That is actually a significant date, namely Rudolf Diesel's birthday. Born in 1858, the poor guy expired in 1913 after apparently falling into the English Channel while traveling by boat from France to Jolly Old. Conspiracy theorists figure the French did it, but I suspect they were all stuffing their little Gallic faces with croissants at the time.
Before he met his maker he built the first diesel engine in 1906, a single-cylinder job turning a quick 180 rpm and producing 12-horsepower in the process. A stationary engine, it helped produce 110-volt electricity in a Danish sanatorium for tuberculosis sufferers. The beast was in service until 1936.
I mention all this, almost two months after the blessed day, because I've spent much of the last week delving even further into the realm of biodiesel fuel than I've already done over the last few years. And of course I came across the Rudolf Diesel connection because the biodiesel industry claims him as its own. His groundbreaking engine ran on peanut oil, after all, and folks at the U.S. National Biodiesel Board are given to loud praise of his foresight.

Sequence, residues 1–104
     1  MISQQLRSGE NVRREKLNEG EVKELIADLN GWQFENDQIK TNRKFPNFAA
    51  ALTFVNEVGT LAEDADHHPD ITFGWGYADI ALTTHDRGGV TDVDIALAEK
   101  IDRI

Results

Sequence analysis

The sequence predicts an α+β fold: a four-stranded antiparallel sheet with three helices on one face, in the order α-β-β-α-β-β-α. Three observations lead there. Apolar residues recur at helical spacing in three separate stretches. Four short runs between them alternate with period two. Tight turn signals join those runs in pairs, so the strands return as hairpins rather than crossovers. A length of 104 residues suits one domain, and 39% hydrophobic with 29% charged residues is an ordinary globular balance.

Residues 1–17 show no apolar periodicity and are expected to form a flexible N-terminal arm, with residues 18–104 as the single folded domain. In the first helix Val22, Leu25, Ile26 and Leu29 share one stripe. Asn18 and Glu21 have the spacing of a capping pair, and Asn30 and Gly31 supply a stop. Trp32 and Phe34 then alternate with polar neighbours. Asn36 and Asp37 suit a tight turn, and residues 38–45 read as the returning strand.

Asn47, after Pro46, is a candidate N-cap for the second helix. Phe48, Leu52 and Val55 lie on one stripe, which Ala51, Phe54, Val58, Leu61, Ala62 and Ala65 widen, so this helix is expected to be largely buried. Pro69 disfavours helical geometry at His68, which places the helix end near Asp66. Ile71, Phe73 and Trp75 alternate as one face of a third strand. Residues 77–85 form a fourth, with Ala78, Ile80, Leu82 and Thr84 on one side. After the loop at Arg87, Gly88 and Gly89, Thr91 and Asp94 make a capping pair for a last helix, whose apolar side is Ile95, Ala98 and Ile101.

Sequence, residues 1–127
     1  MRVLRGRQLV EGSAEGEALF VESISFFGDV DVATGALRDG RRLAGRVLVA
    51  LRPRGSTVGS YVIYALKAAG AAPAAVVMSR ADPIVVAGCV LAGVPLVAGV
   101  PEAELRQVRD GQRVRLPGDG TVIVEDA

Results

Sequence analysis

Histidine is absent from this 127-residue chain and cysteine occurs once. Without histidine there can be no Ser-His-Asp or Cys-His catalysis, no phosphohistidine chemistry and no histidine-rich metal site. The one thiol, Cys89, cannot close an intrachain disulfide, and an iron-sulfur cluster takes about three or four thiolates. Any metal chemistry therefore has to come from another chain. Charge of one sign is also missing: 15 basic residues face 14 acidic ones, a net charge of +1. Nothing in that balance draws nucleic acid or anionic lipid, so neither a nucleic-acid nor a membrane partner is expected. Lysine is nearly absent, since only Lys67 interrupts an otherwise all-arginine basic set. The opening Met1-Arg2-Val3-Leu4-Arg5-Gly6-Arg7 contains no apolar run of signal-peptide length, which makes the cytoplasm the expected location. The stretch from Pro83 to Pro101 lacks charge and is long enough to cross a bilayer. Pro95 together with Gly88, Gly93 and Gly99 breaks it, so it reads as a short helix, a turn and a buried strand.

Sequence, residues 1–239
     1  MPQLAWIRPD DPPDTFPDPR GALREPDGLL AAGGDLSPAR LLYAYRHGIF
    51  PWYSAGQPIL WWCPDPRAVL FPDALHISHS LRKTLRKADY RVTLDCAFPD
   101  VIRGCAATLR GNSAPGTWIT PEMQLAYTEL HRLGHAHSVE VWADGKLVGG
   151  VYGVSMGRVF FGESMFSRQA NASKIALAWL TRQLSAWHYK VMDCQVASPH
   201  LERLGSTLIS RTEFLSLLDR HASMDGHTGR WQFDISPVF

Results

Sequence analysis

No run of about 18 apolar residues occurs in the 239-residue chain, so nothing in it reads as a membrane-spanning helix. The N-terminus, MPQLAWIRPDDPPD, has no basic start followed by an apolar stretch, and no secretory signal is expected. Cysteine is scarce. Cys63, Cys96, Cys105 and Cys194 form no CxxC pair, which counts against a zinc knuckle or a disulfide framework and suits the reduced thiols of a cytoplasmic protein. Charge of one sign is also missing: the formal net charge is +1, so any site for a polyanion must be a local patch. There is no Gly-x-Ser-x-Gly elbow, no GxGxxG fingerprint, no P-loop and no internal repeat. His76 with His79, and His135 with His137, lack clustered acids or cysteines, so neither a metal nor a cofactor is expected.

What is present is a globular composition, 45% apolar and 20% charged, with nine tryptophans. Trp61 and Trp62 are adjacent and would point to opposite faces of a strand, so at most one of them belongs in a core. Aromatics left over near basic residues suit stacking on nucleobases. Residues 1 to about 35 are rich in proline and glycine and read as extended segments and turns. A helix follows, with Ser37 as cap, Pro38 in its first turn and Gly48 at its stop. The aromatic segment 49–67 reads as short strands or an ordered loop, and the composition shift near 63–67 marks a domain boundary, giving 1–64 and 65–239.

In a 1912 speech, the NBB reports that Diesel said, "...the use of vegetable oils for engine fuels may seem insignificant today, but such oils may become, in the course of time, as important as petroleum and the coal tar products of the present time."
The thing is, that first diesel was designed to run on just about anything from road kill on up. Powdered coal was one fuel option, but there were many others, though peanuts weren't a bad choice because their oil is energy-rich and the oil yield per acre is relatively high (unlike soybeans, for example.)
Old Rudy and his quasi-vegetarian engine aside, I've been skulking around the biodiesel world because I wondered how things were there these days. With the incredible hype surrounding natural gas and its sudden savior-like status, I had to ask if biodiesel still has a place in the transportation world. The shine seems to have gone off hybrids too, and I'll be looking at that situation next.
Biodiesel has indeed had setbacks recently, apart from being simply overshadowed by natural gas in the public pysche. The NBB is still bemoaning the fact that the U.S. Senate voted down two amendments that would have extended the biodiesel tax incentive through the end of the year.
Congress allowed the $1-per-gallon biodiesel incentive to expire on Dec. 31, 2011, despite the fact that it had helped the biodiesel industry achieve record production last year of nearly 1.1 billion gal. That easily beat the 800-million-gallon target required under the EPA's Renewable Fuel Standard, and it compares to a paltry 15 million gallons just 10 years ago. The NBB is still pressing for an extension to prevent a drop in production and potential layoffs amongst the 39,000 people said to be employed in the industry.
Read more about biodiesel and other alternative fuels in the June issue of HDT.